'Of course it opens it up,” said the 33-year-old.

'Ronnie’s beatable when his head’s not on but it was clear for everyone to see that this year at the World Championship his head was completely on.

'He hasn’t got four world titles, five UKs and four Masters – or whatever it is – for no reason.'

O’Sullivan actually has four of each, but Carter’s point stands.

Former world champion Graeme Dott would rather O’Sullivan was in York, but the Scot is losing no sleep over his decision to stay away, believing strength in depth means the sport can get by without him.

Dott said: “Ronnie is obviously the best player and everyone wants to see him, the players included would rather have Ronnie in the tournament than not in it.

'If Ronnie wasn’t here seven years ago you’d miss him a hell of a lot more than we’re going to miss him just now.'

UK Championship 2012: Judd Trump rues first round exit to Mark Joyce

You'll never see a world No 1 play as badly as that: Holder Trump rues first round UK Championship exit to qualifier Joyce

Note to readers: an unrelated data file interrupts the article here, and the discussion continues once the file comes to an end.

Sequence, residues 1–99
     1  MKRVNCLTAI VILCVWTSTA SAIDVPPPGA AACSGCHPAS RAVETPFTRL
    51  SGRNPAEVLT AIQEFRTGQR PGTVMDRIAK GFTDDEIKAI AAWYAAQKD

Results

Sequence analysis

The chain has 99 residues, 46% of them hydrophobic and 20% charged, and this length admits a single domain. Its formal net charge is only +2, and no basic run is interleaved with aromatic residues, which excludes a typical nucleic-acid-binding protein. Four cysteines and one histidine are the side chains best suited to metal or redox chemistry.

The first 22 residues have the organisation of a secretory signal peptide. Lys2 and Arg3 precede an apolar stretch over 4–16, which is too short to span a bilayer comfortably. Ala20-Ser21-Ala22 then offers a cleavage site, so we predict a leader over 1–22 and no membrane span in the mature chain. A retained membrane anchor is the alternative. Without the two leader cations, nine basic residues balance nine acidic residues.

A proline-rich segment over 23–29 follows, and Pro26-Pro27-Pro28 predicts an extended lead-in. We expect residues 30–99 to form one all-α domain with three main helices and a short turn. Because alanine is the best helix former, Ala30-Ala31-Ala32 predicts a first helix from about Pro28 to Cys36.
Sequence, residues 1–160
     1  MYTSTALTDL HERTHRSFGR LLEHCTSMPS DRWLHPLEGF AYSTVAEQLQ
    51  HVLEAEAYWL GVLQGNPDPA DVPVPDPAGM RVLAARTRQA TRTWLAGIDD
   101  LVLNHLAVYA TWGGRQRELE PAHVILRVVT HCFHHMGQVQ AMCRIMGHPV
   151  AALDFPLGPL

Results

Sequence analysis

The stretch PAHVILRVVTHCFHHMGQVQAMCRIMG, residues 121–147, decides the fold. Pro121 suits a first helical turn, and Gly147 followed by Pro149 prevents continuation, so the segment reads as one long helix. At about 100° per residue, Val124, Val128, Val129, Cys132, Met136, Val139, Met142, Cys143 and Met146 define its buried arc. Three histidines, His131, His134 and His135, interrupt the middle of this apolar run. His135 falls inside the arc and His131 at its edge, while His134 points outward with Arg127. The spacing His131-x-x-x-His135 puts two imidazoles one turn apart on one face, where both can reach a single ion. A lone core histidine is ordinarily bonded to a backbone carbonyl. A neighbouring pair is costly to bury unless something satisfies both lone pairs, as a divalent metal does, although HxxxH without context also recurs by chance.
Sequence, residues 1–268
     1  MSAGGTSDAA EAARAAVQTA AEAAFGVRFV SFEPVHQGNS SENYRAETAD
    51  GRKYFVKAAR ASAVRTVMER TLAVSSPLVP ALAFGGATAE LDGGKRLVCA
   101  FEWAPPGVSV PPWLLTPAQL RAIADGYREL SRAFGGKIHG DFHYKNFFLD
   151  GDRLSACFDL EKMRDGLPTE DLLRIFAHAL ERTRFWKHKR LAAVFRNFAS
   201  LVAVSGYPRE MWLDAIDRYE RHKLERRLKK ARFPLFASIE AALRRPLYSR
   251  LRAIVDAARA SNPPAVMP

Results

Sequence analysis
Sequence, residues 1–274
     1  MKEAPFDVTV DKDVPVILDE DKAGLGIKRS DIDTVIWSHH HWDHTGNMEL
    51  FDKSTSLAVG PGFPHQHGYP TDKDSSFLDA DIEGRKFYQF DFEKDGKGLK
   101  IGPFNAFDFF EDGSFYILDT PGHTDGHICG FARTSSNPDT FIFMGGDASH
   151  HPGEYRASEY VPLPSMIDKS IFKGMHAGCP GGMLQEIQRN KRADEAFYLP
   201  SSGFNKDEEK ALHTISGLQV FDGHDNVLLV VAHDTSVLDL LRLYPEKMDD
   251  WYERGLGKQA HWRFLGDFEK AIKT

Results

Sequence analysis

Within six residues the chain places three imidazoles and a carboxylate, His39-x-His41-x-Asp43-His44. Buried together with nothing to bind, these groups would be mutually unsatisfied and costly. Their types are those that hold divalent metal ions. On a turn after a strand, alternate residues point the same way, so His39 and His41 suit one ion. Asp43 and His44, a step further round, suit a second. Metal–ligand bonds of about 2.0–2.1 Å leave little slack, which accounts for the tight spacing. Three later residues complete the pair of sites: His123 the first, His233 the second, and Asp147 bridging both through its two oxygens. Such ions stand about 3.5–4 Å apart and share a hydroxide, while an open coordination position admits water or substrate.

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UPDATED:

09:19 GMT, 3 December 2012

Judd Trump panned his own performance as the world No 1's title defence at the williamhill.com UK Championship was halted at the first hurdle by qualifier Mark Joyce.

A year after landing the biggest title of his burgeoning career at York's Barbican Centre, Trump was on the painful end of one of the biggest upsets in the tournament’s history, the world No 1 losing 6-5 to 50th-ranked Joyce after at one stage holding a 5-2 lead.

Trump said: 'I should never play that bad. You’ll never see another world No 1 play as badly as that.'

Staring at defeat: Holder Judd Trump after losing his first round match of the William Hill UK Championships at York Barbican Centre

Staring at defeat: Holder Judd Trump after losing his first round match of the William Hill UK Championships at York Barbican Centre

He had made a 104 break in the second frame and was doing enough, it seemed, to set up a second-round clash with Ali Carter, but Joyce had other ideas and the long road back from the brink of defeat had the biggest victory of his career at its end.

'It’s just a bad performance. It was going to come sooner or later,' said 23-year-old Trump, the man tipped in recent days by many, including Stephen Hendry, to be the dominant force in snooker for the next decade.

'He played all right in the last four frames but he’ll have to raise his game a lot to get close to Ali Carter.'

Over the moon: Qualifier Mark Joyce was delighted after his win

Over the moon: Qualifier Mark Joyce was delighted after his win